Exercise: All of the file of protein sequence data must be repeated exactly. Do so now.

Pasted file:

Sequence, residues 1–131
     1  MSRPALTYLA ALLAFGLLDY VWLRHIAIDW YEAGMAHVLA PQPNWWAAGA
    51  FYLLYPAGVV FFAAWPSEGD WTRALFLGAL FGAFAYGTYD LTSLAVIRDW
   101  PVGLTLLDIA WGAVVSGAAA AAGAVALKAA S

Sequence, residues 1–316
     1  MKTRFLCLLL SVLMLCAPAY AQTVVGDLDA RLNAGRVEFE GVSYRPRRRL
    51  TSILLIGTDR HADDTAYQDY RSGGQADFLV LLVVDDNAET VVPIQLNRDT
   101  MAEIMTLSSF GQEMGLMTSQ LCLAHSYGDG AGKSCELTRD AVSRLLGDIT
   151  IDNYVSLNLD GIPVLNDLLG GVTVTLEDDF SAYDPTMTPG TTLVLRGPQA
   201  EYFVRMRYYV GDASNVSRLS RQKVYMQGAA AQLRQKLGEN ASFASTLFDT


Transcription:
Sequence, residues 1–131
     1  MSRPALTYLA ALLAFGLLDY VWLRHIAIDW YEAGMAHVLA PQPNWWAAGA
    51  FYLLYPAGVV FFAAWPSEGD WTRALFLGAL FGAFAYGTYD LTSLAVIRDW
   101  PVGLTLLDIA WGAVVSGAAA AAGAVALKAA S

Sequence, residues 1–316
     1  MKTRFLCLLL SVLMLCAPAY AQTVVGDLDA RLNAGRVEFE GVSYRPRRRL
    51  TSILLIGTDR HADDTAYQDY RSGGQADFLV LLVVDDNAET VVPIQLNRDT
   101  MAEIMTLSSF GQEMGLMTSQ LCLAHSYGDG AGKSCELTRD AVSRLLGDIT
   151  IDNYVSLNLD GIPVLNDLLG GVTVTLEDDF SAYDPTMTPG TTLVLRGPQA
   201  EYFVRMRYYV GDASNVSRLS RQKVYMQGAA AQLRQKLGEN ASFASTLFDT